Judith worked tirelessly five days a week for eighteen years, resulting in over 200 works of art. Her work has been exhibited around the world including the Ricco/Maresca Gallery in New York City, the Irish Museum of Modern Art in Dublin, and the Oakland Museum of California. She has been featured in a film and there is also a book about her life and work, Metamorphosis: The Fiber Art of Judith Scott, by John MacGregor. Judith continued working on her sculptures up until her death in 2005. She died in her sister’s arms.

Upon researching Judith’s work I came across much discussion about Judith’s assumed unintentional creations and the fact that Judith could not tell us what her work was about because she was nonverbal. It was questioned as to whether her work should be considered “Outsider Art”—a term which arose to define an artist who creates without intention, especially if that artist is disabled. The assumption being that an “Insider Artist” intends everything and rationally makes decisions about what they create, while the “Outsider Artist” does not. Neither of these terms makes sense to me. I don’t want to discuss this. Even trying to talk about this feels very unnatural.

What I want to talk about is why my friend was moved enough by Judith’s work to call me on the phone across the miles. And why she said, “Finally, someone that understands. She wrapped things.” I think what we both felt as we talked about her was that finally someone had brought to light that there is a mystery hidden in all of us, that there is something secret, a beautiful pearl within us, that when Judith obscures an object in a gorgeous cocoon-like mass, as humans we can identify. We may have close friends, people may know us deeply, and we may live in a culture of over-sharing, but there is a hidden mystery within us that no one else can ever touch. It is precious and sacred. Somehow, when my friend and I looked at Judith’s art we felt understood in this way. As to why… well, that in itself is a mystery too. It may not be what everyone feels about her work, but is what we felt. There could be so many wonderful feelings and interpretations that come out of Judith’s sculptures. I am reminded of a song by Paul Winter that I used to listen to while rocking my sons to sleep, “O Mystery, you are alive. I feel you all around. You are the fire in my heart. You are the holy sound. You are all of life. It is to you that I sing. Grant that I may keep you, always in everything. O Mystery.”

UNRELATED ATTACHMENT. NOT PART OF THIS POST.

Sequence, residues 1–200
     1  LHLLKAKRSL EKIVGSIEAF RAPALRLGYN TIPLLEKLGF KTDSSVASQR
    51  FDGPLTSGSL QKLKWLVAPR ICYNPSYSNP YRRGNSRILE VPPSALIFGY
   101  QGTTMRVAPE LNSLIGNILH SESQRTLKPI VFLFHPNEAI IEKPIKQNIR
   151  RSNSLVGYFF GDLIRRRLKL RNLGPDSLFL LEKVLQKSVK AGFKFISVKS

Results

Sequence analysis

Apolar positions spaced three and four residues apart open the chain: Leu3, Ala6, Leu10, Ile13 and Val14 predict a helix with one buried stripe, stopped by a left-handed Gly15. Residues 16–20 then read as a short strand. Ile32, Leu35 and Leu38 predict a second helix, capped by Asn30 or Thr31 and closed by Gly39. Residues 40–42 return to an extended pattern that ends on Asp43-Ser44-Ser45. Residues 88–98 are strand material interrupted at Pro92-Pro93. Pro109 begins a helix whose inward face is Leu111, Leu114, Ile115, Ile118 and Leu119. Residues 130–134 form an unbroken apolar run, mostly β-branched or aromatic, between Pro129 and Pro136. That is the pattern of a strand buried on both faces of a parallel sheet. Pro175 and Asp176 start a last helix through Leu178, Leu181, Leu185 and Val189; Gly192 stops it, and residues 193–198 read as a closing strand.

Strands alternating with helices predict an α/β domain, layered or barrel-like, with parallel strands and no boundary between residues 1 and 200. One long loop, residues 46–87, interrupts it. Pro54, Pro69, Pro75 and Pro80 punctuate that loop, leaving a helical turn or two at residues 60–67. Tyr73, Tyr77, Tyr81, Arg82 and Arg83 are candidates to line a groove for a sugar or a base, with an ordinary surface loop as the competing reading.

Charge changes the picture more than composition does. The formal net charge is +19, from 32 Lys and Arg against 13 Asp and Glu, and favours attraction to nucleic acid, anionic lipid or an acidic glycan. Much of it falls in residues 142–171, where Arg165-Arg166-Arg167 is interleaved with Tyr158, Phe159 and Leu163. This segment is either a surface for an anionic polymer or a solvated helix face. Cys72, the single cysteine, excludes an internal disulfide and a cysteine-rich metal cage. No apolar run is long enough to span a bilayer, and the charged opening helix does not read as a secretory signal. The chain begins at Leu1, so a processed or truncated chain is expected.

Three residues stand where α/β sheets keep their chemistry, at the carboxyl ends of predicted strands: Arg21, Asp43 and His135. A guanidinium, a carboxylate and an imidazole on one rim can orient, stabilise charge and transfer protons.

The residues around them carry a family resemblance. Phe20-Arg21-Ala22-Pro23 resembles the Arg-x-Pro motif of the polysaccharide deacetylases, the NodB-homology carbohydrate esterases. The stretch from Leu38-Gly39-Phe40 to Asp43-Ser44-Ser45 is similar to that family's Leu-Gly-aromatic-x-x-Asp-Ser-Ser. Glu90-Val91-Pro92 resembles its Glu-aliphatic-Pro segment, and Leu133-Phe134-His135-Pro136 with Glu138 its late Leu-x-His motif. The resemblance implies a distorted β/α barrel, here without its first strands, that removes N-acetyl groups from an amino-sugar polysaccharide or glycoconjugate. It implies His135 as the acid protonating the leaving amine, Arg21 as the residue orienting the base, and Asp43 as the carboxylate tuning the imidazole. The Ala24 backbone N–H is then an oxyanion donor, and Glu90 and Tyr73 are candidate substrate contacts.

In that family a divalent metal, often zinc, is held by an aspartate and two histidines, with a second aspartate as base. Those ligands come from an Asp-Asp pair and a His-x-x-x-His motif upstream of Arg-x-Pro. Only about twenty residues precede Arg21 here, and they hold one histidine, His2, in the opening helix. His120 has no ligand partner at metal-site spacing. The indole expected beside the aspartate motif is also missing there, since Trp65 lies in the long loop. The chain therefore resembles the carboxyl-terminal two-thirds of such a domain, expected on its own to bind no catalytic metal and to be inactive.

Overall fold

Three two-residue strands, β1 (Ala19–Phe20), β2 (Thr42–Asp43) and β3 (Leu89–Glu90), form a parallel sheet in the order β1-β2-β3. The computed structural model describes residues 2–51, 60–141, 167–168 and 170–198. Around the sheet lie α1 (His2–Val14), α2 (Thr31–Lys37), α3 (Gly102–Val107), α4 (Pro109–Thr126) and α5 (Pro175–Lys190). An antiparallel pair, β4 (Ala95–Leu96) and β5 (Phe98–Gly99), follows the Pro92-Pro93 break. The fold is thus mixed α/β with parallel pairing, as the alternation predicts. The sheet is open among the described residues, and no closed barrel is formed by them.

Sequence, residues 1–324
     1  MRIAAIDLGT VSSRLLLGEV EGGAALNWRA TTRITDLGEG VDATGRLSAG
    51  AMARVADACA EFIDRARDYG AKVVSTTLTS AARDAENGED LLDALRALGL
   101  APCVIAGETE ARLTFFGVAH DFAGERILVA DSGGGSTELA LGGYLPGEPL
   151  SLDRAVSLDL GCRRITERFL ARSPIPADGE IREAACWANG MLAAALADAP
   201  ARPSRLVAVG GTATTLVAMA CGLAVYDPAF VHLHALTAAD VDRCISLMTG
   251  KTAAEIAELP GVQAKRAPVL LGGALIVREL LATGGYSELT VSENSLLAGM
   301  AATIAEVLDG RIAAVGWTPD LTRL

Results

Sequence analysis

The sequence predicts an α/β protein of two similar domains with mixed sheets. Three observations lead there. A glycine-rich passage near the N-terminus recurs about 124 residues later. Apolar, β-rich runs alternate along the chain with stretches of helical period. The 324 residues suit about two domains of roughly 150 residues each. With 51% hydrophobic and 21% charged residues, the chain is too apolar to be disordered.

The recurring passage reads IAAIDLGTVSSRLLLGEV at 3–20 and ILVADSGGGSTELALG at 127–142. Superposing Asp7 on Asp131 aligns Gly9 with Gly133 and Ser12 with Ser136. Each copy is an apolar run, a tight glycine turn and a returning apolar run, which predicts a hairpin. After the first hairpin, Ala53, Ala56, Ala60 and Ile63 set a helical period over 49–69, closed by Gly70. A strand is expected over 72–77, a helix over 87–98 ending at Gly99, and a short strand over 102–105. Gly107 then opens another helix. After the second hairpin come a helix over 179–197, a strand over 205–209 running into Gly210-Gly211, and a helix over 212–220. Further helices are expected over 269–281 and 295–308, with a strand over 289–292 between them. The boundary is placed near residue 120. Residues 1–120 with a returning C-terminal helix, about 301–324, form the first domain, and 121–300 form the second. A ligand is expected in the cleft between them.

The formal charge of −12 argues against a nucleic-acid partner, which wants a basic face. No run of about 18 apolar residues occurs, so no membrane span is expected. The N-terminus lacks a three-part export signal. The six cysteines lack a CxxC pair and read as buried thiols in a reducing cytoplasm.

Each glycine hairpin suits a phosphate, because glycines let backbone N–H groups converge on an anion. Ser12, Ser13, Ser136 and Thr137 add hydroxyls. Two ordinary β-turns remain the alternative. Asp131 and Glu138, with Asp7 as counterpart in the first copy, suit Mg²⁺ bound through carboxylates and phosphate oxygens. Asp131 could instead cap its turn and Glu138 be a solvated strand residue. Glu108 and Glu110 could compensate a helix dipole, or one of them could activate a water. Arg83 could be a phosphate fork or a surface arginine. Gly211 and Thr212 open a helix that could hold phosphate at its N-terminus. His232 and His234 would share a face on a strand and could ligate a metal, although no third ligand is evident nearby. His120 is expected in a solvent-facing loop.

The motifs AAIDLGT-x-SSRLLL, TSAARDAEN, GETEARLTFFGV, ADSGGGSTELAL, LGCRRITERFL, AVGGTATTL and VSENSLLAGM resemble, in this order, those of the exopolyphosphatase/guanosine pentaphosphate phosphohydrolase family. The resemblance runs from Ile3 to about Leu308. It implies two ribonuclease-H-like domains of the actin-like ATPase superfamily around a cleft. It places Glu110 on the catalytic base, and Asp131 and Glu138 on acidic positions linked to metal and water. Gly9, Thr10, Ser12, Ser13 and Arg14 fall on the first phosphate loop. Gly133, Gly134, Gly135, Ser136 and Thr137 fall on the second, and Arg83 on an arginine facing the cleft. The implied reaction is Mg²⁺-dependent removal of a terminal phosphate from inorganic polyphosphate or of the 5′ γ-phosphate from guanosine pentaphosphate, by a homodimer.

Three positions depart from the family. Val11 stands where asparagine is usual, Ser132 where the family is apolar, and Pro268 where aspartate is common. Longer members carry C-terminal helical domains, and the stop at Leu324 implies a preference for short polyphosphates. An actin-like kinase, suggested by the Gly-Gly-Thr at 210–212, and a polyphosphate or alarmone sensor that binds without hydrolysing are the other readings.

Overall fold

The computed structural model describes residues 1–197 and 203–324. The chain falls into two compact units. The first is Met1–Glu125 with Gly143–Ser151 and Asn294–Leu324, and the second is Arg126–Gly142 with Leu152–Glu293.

Käthe Kollwitz

As a mother who has lost a son, I can attest that in my greatest grief I eventually looked to Art for healing. Nothing in books or imagery anywhere resonated my bereavement like Käthe Kollwitz ’s print, Woman with Dead Child. It is not a feeling nor an image I feel able to describe so I won’t do so. But I can share about the life of Käthe Kollwitz, her other works of art and the gifts she left for those who have known heartbreak.

In her prints and sculptures, Käthe Kollwitz expressed compassion for the suffering, working poor, and sick while confronting social injustice. She is hailed as one of the most important German artists of the 20th century. Her art and her own life were entrenched in hardship and sorrow.

Käthe was born in 1867 in Konigsberg, East Prussia (Now Kaliningrad in Russia) to a political progressive middle class family. Encouraged by her father, she began art lessons at age 14. She attended the Berlin School of Art and then went on to study in Munich. In 1891, she married Dr. Karl Kollwitz and together they settled in one of the poorest sections of Berlin. From 1898 to 1903 she taught at The Berlin School of Women Artists.